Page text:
By Natalie Taylor
One of my favorite things about the agriculture industry is the invitation to be part of it, and that the invitation extends to anyone. It doesn’t matter where you’re from, where you want to go, or what you want to do — there’s a place for everyone in the agricultural industry.
I’ve discovered that one of those things that has a place in agriculture is art. Art is everywhere. Agriculture is part of everything. Therefore, agriculture is art.
Ever since I was old enough to pick up a pen or crayon or put paint on my fingers, I began falling in love with art. I still love art and everything about it. The history, stories, emotions and messages that art communicates still fascinate me.
I’ve found that my love for agriculture is very similar to my love for art. From discussing crop insurance with my dad to attending FFA conferences, and everything in between, my fascination and love for the agriculture industry has skyrocketed.
When I think of combining a love for ag and art, I think of communicating what we love through art. Grant Wood did just that. He is an artist well-known for his “American Gothic,” the classic painting of the farmer and his wife in front of a farmhouse.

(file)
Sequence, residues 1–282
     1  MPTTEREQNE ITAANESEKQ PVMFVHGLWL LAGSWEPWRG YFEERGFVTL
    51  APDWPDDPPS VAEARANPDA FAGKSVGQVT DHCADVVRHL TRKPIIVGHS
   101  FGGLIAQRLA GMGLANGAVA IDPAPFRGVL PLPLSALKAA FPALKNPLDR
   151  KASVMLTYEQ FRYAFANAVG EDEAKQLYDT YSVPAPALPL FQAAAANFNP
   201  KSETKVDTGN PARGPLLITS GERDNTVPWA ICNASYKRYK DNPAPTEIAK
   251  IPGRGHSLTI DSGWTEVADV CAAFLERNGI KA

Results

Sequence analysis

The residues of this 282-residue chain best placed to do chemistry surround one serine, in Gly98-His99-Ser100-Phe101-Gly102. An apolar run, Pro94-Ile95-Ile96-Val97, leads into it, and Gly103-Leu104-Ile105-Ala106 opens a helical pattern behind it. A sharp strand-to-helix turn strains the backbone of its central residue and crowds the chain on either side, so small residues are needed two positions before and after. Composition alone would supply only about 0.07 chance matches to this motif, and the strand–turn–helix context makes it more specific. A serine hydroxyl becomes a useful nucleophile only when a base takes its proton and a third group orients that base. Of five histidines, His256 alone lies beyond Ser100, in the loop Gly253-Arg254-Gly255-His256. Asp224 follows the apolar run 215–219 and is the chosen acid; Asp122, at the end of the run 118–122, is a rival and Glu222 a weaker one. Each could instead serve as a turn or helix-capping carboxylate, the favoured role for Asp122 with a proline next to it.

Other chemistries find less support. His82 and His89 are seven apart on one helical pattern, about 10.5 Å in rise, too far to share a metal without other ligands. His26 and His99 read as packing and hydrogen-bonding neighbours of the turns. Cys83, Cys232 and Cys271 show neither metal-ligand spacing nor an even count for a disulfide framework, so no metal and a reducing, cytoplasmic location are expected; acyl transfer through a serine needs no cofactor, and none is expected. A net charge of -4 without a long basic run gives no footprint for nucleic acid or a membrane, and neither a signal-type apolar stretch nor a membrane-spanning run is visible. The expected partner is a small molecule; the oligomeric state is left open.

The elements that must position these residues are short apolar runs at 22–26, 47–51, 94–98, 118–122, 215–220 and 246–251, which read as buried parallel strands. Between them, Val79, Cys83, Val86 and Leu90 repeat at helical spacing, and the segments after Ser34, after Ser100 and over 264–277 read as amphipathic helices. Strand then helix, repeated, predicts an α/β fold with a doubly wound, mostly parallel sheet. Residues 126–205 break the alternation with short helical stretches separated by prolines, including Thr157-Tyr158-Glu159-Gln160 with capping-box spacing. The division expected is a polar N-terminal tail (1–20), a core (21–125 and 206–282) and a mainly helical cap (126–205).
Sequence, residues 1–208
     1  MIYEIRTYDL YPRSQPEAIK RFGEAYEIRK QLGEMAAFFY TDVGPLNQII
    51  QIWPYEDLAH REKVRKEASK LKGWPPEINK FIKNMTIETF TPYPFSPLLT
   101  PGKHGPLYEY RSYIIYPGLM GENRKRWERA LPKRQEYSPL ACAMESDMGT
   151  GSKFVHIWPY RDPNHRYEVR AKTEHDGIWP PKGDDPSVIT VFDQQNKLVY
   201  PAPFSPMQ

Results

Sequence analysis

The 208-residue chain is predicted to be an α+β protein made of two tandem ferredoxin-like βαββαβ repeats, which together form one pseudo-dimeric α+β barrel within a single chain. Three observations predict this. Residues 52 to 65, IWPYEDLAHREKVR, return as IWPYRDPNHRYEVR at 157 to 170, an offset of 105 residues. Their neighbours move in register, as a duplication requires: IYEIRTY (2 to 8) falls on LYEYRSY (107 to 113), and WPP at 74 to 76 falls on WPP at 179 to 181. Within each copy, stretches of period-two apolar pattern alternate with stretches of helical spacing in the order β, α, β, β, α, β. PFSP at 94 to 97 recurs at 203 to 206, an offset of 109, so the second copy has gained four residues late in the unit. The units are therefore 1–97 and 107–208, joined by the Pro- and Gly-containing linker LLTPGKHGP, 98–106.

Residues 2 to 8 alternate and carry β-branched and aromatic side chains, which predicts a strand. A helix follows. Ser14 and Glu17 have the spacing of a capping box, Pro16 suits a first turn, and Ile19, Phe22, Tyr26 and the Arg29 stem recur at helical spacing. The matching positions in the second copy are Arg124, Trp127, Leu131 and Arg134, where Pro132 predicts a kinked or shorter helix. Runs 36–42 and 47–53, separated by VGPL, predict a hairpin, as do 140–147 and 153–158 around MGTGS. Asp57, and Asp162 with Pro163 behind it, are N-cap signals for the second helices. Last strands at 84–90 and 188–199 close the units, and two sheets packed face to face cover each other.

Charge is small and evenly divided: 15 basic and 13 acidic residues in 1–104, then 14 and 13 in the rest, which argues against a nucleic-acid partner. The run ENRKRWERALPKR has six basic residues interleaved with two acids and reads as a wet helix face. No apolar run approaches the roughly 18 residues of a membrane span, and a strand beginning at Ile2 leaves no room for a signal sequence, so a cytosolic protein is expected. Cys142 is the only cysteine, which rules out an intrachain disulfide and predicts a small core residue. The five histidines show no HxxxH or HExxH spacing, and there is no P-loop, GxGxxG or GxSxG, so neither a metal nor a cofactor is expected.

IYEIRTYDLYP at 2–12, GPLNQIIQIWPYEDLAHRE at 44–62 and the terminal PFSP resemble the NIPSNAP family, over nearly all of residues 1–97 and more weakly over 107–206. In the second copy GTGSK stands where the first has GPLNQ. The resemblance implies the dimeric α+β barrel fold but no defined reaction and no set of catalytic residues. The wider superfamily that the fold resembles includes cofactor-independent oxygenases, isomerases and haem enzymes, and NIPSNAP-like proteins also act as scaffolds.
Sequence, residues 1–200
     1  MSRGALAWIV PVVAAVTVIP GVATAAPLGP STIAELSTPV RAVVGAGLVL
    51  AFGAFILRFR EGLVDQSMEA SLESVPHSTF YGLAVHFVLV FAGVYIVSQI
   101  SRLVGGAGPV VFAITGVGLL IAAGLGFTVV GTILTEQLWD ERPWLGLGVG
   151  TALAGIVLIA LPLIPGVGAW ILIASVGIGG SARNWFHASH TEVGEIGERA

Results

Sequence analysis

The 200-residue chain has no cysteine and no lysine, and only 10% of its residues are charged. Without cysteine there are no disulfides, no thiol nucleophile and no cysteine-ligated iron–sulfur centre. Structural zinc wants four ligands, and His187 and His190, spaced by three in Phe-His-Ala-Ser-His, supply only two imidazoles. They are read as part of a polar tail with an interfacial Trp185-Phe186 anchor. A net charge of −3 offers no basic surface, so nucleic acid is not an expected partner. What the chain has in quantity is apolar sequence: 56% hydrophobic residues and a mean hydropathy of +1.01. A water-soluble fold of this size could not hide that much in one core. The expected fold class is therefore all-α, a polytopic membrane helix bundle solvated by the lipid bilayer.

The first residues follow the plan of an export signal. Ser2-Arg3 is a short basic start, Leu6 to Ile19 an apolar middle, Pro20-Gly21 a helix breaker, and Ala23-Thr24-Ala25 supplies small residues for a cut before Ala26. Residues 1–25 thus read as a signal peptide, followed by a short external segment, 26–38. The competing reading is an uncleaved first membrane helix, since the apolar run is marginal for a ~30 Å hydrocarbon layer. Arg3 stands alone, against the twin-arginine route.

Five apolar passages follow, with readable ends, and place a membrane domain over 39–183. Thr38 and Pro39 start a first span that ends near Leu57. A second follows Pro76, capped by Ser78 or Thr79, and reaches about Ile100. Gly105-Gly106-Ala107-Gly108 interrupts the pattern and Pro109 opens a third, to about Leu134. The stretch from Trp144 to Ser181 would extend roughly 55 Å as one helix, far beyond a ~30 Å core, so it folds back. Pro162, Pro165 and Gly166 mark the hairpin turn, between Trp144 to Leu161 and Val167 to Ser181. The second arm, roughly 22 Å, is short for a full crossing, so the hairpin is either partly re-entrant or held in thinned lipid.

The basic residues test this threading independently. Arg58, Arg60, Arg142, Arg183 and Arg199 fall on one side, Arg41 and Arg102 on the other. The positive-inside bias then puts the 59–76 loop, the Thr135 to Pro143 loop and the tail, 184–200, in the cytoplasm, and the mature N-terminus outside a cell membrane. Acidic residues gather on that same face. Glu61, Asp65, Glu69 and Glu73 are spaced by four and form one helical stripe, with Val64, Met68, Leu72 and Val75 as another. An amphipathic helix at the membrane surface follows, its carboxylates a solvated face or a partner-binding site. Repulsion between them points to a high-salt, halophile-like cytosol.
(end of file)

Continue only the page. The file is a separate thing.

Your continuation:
Wood has a unique story that is unknown to many. He grew up on a farm in Iowa. This is where he discovered his love for art and painting at a young age. When he was 10, Wood’s father passed away. He moved to an urban area in Cedar Rapids. His life in the country stayed with him and later became a large influence in his work.
A shining example
Wood continued down the art path to pursue painting and branched out to other styles of art. During the 1920s, He traveled to Europe and visited the museums of France and Italy. When he came back, he realized after being away from his old country home that he had an admiration for Iowa. He said, “I had to go to France to appreciate Iowa.”
When Wood was 37, he went on a trip to Germany. While supervising a stained- glass window project, the course of his work changed. This new direction of his art drove him to fame. After seeing the works of 15th and 16th century German and Flemish masters, the realism and attention to detail inspired Wood. Upon his return to the U. S., Wood deserted his earlier impressionistic leanings and began painting with a realistic style where he could convey agriculture and his rural background through his work.
I am infatuated by the way Grant Wood took his ag roots and combined that with his artistic abilities to create not only a beautiful piece of artwork, but also a good message. We might not all be painters, but we can find art in agriculture to share.
Art doesn’t always come in the form of paint. It can be whatever you make it. The ag industry is filled with ways we can paint our own picture metaphorically and make it personal, just as Grant Wood did.
Taylor is the 2017-18 Indiana FFA state reporter.